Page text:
Engaging students: Graphing with polar coordinates

In my capstone class for future secondary math teachers, I ask my students to come up with ideas for engaging their students with different topics in the secondary mathematics curriculum. In other words, the point of the assignment was not to devise a full-blown lesson plan on this topic. Instead, I asked my students to think about three different ways of getting their students interested in the topic in the first place.

I plan to share some of the best of these ideas on this blog (after asking my students’ permission, of course).

This student submission comes from my former student Laura Lozano. Her topic, from Precalculus: graphing with polar coordinates.

 

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How could you as a teacher create an activity or project that involves your topic?

An activity that I believe will go really well with graphing polar coordinates or any type of graphing lesson will be to convert the classroom floor into a graph. Also, I will have a selection of random objects like, a rubber ducky, boat, toy, etc. The size of the graph will depend on the size of classroom of course. If the classroom is really small then I would have to take this activity outdoors or maybe even the gym or anywhere with enough room for the graph and my students. The graph doesn’t have to be super big but I would use a graph no smaller than 8 feet by 8 feet area. I could create the graph lines with tape on the floor or draw them on big paper and tape the paper on the floor. I would start the activity with first talking about points on a Cartesian graph. An example could be to first have a students plot a couple points like (5, 4), (3, 6), or (-4, 2) on the board. Then transition them from Cartesian to polar coordinates by using the floor graph and have them discover how they relate by using the x and y coordinates to find the radius and the angle. Then later, after they get the hang of it, I would have the class split up into groups of two and let them choose an object, like a rubber ducky, boat, or toy, to set on the graph and have them write and tell me the point of their object.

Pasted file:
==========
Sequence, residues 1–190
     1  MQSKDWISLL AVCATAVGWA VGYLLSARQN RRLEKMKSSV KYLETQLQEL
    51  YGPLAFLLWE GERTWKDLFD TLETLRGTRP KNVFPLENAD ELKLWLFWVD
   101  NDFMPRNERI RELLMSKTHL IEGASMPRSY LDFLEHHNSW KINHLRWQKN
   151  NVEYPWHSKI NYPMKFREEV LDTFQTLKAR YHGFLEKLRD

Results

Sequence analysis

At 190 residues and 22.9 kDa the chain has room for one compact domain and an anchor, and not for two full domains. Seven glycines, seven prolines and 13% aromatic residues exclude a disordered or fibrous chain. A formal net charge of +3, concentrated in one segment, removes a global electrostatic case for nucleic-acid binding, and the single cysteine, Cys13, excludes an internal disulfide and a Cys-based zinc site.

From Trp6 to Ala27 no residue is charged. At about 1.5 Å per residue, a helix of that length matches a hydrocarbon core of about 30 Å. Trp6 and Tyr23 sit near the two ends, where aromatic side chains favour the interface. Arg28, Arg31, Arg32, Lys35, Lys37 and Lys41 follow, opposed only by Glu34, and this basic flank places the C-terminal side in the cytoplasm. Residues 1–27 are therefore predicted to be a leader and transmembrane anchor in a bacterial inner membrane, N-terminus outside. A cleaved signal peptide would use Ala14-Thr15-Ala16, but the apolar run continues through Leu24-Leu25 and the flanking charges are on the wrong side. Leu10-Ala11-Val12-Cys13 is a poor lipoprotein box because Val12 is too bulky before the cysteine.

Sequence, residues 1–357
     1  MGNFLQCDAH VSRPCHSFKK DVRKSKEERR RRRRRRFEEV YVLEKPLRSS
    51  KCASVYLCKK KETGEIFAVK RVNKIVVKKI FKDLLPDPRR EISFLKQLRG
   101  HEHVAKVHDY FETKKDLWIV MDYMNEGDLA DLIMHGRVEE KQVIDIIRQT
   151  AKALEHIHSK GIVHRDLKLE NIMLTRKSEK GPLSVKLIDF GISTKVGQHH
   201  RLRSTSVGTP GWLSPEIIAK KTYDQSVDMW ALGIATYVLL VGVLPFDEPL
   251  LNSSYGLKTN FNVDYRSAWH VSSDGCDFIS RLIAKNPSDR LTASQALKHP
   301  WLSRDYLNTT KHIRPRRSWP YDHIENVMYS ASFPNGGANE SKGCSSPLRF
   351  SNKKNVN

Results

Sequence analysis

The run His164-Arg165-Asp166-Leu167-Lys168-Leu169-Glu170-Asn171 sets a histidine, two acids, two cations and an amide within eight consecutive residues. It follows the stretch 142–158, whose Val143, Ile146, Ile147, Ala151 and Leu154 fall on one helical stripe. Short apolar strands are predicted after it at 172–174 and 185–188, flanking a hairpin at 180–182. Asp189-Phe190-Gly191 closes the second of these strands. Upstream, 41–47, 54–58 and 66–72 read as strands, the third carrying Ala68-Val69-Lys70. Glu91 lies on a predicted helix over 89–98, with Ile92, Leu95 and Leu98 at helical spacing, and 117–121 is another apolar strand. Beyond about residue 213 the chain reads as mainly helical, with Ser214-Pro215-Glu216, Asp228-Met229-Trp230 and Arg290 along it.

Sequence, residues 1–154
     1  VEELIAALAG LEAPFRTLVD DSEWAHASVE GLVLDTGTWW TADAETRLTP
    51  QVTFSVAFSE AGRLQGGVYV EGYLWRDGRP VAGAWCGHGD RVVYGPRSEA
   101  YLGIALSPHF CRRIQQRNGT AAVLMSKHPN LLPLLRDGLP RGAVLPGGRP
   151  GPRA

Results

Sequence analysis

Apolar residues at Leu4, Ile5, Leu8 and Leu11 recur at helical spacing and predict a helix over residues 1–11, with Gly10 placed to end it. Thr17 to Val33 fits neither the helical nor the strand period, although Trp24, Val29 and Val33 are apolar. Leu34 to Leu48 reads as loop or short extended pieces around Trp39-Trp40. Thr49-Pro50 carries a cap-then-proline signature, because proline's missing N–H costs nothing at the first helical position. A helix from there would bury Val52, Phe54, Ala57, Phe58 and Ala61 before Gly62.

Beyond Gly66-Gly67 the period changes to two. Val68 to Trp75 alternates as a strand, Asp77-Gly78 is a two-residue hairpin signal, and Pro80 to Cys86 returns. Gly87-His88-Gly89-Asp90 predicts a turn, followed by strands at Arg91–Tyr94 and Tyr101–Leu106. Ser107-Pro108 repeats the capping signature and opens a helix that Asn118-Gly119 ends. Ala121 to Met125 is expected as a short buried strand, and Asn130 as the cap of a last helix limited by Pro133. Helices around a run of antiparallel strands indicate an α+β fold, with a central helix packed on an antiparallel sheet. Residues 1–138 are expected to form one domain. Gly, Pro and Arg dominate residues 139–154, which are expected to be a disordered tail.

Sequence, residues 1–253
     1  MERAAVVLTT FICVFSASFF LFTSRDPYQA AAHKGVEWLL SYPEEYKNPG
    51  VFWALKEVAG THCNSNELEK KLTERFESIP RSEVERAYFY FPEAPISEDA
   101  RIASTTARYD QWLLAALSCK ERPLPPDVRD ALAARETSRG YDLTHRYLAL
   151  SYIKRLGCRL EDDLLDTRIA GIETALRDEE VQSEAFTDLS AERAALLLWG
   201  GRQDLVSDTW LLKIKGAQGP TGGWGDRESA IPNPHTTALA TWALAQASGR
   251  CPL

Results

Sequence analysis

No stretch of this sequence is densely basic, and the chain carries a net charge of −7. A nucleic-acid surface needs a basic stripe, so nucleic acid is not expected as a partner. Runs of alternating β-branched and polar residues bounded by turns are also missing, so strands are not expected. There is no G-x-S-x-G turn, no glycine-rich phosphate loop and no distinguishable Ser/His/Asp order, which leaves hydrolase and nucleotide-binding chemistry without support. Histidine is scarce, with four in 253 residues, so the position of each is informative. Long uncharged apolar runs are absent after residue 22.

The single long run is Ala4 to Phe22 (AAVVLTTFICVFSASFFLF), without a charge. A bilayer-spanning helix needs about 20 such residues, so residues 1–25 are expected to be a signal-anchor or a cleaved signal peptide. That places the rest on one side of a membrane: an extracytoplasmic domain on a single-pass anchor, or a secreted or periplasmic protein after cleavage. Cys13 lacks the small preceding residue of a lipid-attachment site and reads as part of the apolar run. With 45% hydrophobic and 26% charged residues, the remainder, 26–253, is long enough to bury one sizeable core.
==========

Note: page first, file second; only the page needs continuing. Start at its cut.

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We see radars in the news almost all the time. One category that it is usually used in is weather. The weather center uses their radars to detect for any water particles, debris, and basically anything that is in the air that could be approaching. The way that they tell if a storm or any other weather change is coming is by the radar’s omitting radio waves. The radar omits waves that then come back to the radar if the waves clash with anything in the air. The radar can detect how far an object is by the time it takes for the wave to come back. It works just like an echo! Also, recently with the search of the Malaysian airplane, we saw it used more. The news will show a clip of aircraft radar or ship radar searching for something in the air or in the ocean. Radars look almost exactly like a polar graph does. On the left is a regular polar graph. On the right is a ship’s radar. Both graphs have angles with circles.

polar1

polar2

 

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How can technology (YouTube, Khan Academy [khanacademy.org], Vi Hart, Geometers Sketchpad, graphing calculators, etc.) be used to effectively engage students with this topic? Note: It’s not enough to say “such-and-such is a great website”; you need to explain in some detail why it’s a great website.

Graphing calculators can be used to discover polar coordinates and polar equations. I would first tell them to take out their calculators and just type in a random number from -10 to 10. I choose this interval because the graphing calculators have this window preset for graphing. I number that I randomly chose was the number 4. So I would go to the “Y=” button and type in 4. Then I would hit “GRAPH” and I should get a straight line horizontal line going through the y-axis at 4. I would then change the calculator mode and change from “FUNC” to “POL”. Then I would tell them to do the exact thing again with whatever number they chose. Once the hit “GRAPH” a circle should then come up. They then see how different polar graphs are from Cartesian graphs. Now, the graphs on a polar coordinate graph will all be circular instead of lines and curved lines like on the Cartesian graph.

 

Resources:

http://forecast.weather.gov/jetstream/doppler/how.htm

http://www.mi-net.ca/navigation.html

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